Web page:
Louisville, Colorado city council just voted to ban new gas stations saying that it helps combat climate change.
City Council Votes to Forbid New Gas Stations
The Louisville, Colorado City Council’s plan to forbid the development of fresh gas stations and auto service stations has garnered censure. Despite the council’s assertion that it’s aimed at curbing climate change, a GOP representative criticized it as a misuse of authority.
The city council in Louisville, about 20 miles outside Denver, voted Tuesday to set the cap at six filling stations for its 21,000 residents. A seventh would be allowed only if it’s part of a large retail center.
The act of virtue signaling will come at the expense of convenience for citizens and will presumably see the city lose some tax revenue.
Town Left With Just 6 Gas Stations
If implemented, the ban would restrict Louisville’s 21,000 residents to six gas stations. The only exception under the ordinance would be if the seventh station was a component of a significant retail complex.
“We have an obligation to take every step possible to address the changes to our climate that are ravaging our planet and directly impacting the health, well-being, and livelihoods of the constituents we represent in Louisville,” said councilwoman Maxine Most.
“I don’t think any single action this council or community takes is going to fix climate change,” Most said during the vote. “But I think it’s a really good idea to decarbonize because it sends a signal and it sends a message.”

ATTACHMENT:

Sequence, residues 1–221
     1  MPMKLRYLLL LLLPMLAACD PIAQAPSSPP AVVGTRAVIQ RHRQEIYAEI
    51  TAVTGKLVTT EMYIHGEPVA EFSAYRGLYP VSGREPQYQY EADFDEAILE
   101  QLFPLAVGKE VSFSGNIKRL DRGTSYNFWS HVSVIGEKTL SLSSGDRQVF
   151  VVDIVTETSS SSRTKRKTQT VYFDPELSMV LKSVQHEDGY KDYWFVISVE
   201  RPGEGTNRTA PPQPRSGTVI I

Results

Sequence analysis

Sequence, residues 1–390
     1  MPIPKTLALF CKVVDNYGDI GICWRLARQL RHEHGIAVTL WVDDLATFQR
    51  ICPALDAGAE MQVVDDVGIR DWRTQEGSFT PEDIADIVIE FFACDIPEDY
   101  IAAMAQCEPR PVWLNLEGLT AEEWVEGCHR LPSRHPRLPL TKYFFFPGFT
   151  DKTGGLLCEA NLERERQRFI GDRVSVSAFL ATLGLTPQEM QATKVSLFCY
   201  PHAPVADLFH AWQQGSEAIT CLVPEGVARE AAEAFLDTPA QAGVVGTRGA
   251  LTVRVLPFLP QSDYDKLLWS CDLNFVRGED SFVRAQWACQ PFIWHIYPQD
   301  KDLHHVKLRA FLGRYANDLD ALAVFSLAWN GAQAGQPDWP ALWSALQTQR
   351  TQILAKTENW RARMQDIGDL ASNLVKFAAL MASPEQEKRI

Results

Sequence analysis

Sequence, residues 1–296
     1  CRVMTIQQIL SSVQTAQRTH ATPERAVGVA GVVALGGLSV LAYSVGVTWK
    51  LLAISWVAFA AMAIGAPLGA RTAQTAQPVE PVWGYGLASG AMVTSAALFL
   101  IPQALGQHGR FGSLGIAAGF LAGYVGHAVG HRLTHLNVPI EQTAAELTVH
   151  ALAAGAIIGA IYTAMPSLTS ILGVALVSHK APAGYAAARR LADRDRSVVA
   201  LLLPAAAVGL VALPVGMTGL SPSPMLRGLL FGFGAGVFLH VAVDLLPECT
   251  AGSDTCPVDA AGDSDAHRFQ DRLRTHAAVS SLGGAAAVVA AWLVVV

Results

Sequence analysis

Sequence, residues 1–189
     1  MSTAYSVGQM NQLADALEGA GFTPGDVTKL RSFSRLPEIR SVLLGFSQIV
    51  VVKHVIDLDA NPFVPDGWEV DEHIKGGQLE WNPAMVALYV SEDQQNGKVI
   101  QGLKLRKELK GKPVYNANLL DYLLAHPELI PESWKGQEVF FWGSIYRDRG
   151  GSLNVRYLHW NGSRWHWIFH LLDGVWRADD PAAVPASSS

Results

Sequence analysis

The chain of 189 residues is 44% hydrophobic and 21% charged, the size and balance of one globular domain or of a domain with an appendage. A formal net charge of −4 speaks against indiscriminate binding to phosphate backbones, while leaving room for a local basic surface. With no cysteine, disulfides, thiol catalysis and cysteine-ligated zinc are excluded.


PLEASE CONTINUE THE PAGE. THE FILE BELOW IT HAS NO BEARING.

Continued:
Louisville’s green policies to fight climate change include meeting the entire city’s electricity needs with carbon-free sources by 2025.
Pushback on the Plan
Not everyone is behind the plan
According to Charlie Danaher, the GOP spokesman in Boulder County, the ordinance is a display of the left-leaning city council’s ego and constitutes an abuse of power.
The Louisville ban is the latest in the nation; several municipalities in California have been installing similar restrictions since 2021.
If any existing gas station closes for more than a year, any business seeking to reopen the location will have to ask for a special permit to sell gasoline.
Electric vehicles might be the future of transportation, but the technology is not yet practical for everyone and is cost-prohibitive for many Americans.
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